The next time you hear some pretentious American tries to call soccer “futbol”, feel free to remind him that the majority of the English speaking world calls it soccer. A quick breakdown:
Throwing coffee into -15° air (January 2011)
As someone who last week wrote a $365 check to the Town of Luther for a speeding ticket (valid, I was going 65 in a 55) and a ticket for “failing to yield to an emergency vehicle” (completely ridiculous, I didn’t pull over fast enough for Barney Fife) I take a tremendous amount of enjoyment in seeing a police force whose only seeming service is to poach money from highway travelers for a tiny town take such a black eye:
Jerry Pendley had worked for the Luther Police Department for about three weeks before his arrest by Oklahoma Highway Patrol troopers on Monday. The U.S. Attorney’s office says Pendley lied on the documents by not noting he had been arrested and charged twice on suspicion of assault and battery.
moral of the story:
Here on the fourth day of 2010, I found one sentence that might do the best job I’ve seen yet at putting the last 10 years into a nutshell (from this NY Times article):
“A dollar is no longer a dollar in this country,” said Mallory Duncan, senior vice president of the National Retail Federation, a trade association. “It’s a Visa dollar. It’s only worth 99 cents because they take a piece of every one.”
OK, so maybe it doesn’t sum everything up… just imagine that terrorists are buying steroids with their Visa cards and then you’re there.
I’ve seen a trend on websites like Lifehacker and Flickr where people show off the contents of their bag. Their bag is unloaded and the items are methodically laid out for others to review. (personally, I think 90% of this is designed to show off their Mac toys…)
I’ve decided to play along and show off what is currently in my bag, see below:
A quick review of the inventory (from right to left):
This site has a very useful page that let’s you analyze your Netflix history. I’ve been a big netflix fan for a long, long time. I’ve had a membership on and off for years now. I remember when I was first a member back in 1999 or 2000 you had to mail your DVDs to San Francisco, so it took forever to transfer them back and forth. So I ran a pretty recent batch of data into the analyzer and it gave me this data:
NetFlix History Analyzer
Analyze your Netflix DVD rental history and determine how much you’ve been paying per DVD, compare it to what you would have paid somewhere else, and compute your savings.
You’ve rented 62 DVDs over 38 months from December 19, 2005 to February 16, 2009.
Your plan costs $14.99/month so you’ve paid $569.62 total.
Your average price per rental was approximately $9.19 each.
Average rental costs elsewhere are $3.75 each (not including late fees).
You’ve overpaid approximately $337.12 over that time period or $8.87 per month.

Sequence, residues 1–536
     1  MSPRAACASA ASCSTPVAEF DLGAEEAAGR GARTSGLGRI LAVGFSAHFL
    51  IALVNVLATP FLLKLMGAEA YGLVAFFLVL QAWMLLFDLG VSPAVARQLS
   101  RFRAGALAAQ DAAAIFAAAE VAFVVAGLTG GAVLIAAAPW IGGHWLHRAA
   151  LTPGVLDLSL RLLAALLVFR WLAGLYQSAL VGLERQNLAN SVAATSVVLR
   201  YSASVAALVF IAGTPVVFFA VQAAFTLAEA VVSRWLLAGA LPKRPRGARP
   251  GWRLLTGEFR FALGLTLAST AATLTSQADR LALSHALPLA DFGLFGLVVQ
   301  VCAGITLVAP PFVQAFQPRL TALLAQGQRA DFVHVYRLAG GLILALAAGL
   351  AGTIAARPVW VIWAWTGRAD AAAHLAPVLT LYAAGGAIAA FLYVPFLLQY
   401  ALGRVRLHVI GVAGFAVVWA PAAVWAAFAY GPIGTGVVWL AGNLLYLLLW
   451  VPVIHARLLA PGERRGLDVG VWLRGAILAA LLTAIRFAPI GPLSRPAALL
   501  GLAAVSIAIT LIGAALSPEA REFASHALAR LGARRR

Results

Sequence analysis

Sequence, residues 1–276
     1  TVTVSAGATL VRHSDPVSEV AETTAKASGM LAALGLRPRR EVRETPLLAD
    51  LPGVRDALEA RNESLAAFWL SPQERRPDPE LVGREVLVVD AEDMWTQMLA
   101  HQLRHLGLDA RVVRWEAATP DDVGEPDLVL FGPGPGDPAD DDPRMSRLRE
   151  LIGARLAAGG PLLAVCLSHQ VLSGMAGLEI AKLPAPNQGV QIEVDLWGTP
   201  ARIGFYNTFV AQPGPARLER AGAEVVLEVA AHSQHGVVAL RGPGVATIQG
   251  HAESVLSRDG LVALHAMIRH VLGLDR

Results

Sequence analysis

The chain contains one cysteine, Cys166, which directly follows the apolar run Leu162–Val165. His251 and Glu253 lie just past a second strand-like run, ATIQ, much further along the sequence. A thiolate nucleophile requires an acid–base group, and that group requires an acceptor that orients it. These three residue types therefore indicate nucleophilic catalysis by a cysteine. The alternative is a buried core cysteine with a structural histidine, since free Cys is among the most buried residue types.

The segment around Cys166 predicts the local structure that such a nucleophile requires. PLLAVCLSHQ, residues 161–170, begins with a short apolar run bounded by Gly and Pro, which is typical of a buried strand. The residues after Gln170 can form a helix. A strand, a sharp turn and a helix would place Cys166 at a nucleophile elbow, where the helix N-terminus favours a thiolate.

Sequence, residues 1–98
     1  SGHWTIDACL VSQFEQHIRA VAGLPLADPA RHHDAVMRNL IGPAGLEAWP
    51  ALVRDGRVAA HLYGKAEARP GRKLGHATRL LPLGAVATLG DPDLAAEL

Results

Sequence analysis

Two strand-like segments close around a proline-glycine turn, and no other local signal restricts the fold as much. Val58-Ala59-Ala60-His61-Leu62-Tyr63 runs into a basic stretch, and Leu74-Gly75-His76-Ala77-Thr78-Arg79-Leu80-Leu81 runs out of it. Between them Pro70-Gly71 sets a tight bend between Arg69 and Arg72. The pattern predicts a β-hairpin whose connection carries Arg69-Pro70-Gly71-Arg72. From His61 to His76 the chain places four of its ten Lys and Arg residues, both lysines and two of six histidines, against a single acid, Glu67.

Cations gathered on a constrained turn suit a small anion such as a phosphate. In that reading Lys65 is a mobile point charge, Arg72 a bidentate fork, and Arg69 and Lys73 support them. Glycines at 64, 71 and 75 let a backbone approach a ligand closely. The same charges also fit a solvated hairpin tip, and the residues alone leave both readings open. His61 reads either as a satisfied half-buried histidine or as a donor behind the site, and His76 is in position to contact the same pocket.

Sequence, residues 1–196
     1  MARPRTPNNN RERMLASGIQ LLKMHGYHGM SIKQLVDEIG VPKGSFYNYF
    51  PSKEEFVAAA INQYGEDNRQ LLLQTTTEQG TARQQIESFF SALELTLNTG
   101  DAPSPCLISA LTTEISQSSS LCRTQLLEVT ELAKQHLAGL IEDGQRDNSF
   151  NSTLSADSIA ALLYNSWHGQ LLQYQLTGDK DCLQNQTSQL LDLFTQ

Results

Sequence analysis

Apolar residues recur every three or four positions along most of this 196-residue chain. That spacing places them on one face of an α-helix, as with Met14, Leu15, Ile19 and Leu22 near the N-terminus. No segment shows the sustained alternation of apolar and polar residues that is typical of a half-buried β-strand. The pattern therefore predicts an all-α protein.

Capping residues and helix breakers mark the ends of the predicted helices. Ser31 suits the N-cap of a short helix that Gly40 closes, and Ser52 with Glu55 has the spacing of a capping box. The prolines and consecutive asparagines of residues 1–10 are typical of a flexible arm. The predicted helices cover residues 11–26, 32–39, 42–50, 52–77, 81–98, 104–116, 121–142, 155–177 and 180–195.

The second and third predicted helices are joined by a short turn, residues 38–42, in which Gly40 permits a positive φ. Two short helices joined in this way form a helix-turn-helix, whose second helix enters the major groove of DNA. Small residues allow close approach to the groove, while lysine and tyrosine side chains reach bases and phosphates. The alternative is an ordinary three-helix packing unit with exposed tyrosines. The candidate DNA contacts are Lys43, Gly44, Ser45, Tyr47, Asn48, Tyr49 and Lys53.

Here’s some more about your renting habits…
You kept each rental for around 29 days on average.
The longest you kept a single DVD was 194 days: .
You rented about 2 DVDs each month.
You’re not taking full advantage of your current plan. You could be renting 13 DVDs each month.
Ouch. It really seems that we have wasted a lot of money on Netflix. I feel a lot better about putting the subscription on hold last week.
In case you’re wondering - the movie we kept the longest was Terms of Endearment, we eventually did watch it. The movie with the fastest turn-around time was Redbelt. The best movie I have ever rented from Netflix: The Last King of Scotland or The Queen.
Man, I’m really hoping we get the beer coozie. My beers always get lukewarm when I’m at the NASCAR track.
P.S. - This is just trying to be funny. Evie and I aren’t having another baby anytime soon.
Evie and I spent the weekend (without kids) in Kansas City, primarily sleeping late and eating barbeque for as many meals as we could stand. We did tear away from the burnt ends long enough to visit the Nelson-Atkins Museum of Art. It is a really good museum with some real masterpieces - my favorite was this painting of John the Baptist by Carvaggio.
I was in the early modern (20th century) gallery which had a bunch of stupid dada stuff in it and I overheard a conversation between two kids (probably 10 & 8 years old) while their mother was browsing:
Older Brother: Do you see this chair, it’s not to sit on. It’s art. (he repeated this a few times to get her attention)
Little Sister: How is a chair art?
Older Brother: Anything can be art.
Little Sister: (going for the little-sister-kill) What about this floor? Is it art?
Older Brother: Anything can be art.
Little Sister: (while dancing in place now) Look at me, I’m dancing on art.
The mother wisely stepped in before it turned into a serious art debate.
Their immensely clever debate came to mind when I saw this new video from the Improv Anywhere group, enjoy: